Ruth woke at four in the morning and her blurry brain said “Tiger.” That was natural; she was dreaming. But there were noises in the house, and as she woke she heard them. They came across the hallway from the lounge room. Something large was rubbing against Ruth’s couch and television and, she suspected, the wheat-coloured recliner disguised as a wingback chair. Other sounds followed: the panting and breathing of a large animal; a vibrancy of breath that suggested enormity and intent; definite mammalian noises, definitely feline, as if her cats had grown in size and were sniffing for food with enormous noses. But the sleeping cats were weighing down the sheets at the end of Ruth’s bed, and this was something else.
She lay and listened. Sometimes the house was quiet, and then she only heard the silly clamour of her beating blood. At other times she heard a distant low whine followed by exploratory breaths. The cats woke and stretched and stared and finally, when whatever was in the lounge room gave out a sharp huff, flew from the bed and ran, ecstatic with fear, into the hallway, through the kitchen, and out the partially open back door. This sudden activity prompted an odd strangled yowl from the lounge room, and it was this noise, followed by louder sniffing, that confirmed the intruder as a tiger. Ruth had seen one eating at a German zoo, and it sounded just like this: loud and wet, with a low, guttural breathing hum punctuated by little cautionary yelps, as if it might roar at any moment except that it was occupied by food. Yes, it sounded just like that, like a tiger eating some large bloody thing, and yet the noise of it was empty and meatless. A tiger! Ruth, thrilled by this possibility, forgot to be frightened and had to counsel herself back into fear. The tiger sniffed again, a rough sniff, thick with saliva. It turned on its great feet, as if preparing to settle down.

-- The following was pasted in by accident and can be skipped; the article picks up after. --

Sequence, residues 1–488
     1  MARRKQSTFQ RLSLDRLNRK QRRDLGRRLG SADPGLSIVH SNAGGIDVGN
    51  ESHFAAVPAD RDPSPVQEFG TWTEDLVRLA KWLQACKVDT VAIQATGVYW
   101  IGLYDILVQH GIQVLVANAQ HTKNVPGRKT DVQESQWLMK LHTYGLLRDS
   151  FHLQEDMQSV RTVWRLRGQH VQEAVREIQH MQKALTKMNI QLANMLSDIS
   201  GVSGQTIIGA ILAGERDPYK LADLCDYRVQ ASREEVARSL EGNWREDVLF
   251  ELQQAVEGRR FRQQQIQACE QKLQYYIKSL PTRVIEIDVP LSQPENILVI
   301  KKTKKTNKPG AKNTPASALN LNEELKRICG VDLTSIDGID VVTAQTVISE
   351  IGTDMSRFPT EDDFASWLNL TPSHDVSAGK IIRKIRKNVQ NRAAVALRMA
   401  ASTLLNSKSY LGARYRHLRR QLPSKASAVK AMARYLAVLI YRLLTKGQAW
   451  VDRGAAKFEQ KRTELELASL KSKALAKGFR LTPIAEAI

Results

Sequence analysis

Ruth sent one courageous hand out into the dark to find the phone on her bedside table. She pressed the button that was programmed to summon her son Jeffrey, who would, in his sensible way, be sleeping right now in his house in New Zealand. The telephone rang; Ruth, hearing the creak of Jeffrey’s throat as he answered the phone, was unrepentant.
“I hear noises,” she said, her voice low and urgent—the kind of voice she’d rarely used with him before.
“What? Ma?” He was bumping up out of sleep. His wife would be waking, too; she would be rolling worried in bed and turning on a lamp.
“I can hear a tiger, not roaring, just panting and snorting. It’s like he’s eating, and also concentrating very hard.” So she knew he was a male tiger, and that was a comfort; a female tiger seemed more threatening.
Now Jeffrey’s voice stiffened. “What time is it?”
“Listen,” said Ruth. She held the phone away from her, into the night, but her arm felt vulnerable, so she brought it back. “Did you hear that?”
“No,” said Jeffrey. “Was it the cats?”
“It’s much larger than a cat. Than a cat
“You’re telling me there’s a what, there’s a tiger in your house?”
Ruth said nothing. She wasn’t telling him there was a tiger in her house; she was telling him she could hear one. That distinction seemed important, now that she was awake and Jeffrey was awake, and his wife, too, and probably at this point the children.
“Oh, Ma. There’s no tiger. It’s either a cat or a dream.”
“I know that,”
A mesmerizing first novel about trust, dependence, and fear, from a major new writer
Ruth is widowed, her sons are grown, and she lives in an isolated beach house outside of town. Her routines are few and small. One day a stranger arrives at her door, looking as if she has been blown in from the sea. This woman—Frida—claims to be a care worker sent by the government. Ruth lets her in.
Now that Frida is in her house, is Ruth right to fear the tiger she hears on the prowl at night, far from its jungle habitat? Why do memories of childhood in Fiji press upon her with increasing urgency? How far can she trust this mysterious woman, Frida, who seems to carry with her own troubled past? And how far can Ruth trust herself?
The Night Guest, Fiona McFarlane’s hypnotic first novel, is no simple tale of a crime committed and a mystery solved. This is a tale that soars above its own suspense to tell us, with exceptional grace and beauty, about ageing, love, trust, dependence, and fear; about processes of colonization; and about things (and people) in places they shouldn’t be. Here is a new writer who comes to us fully formed, working wonders with language, renewing our faith in the power of fiction to describe the mysterious workings of our minds.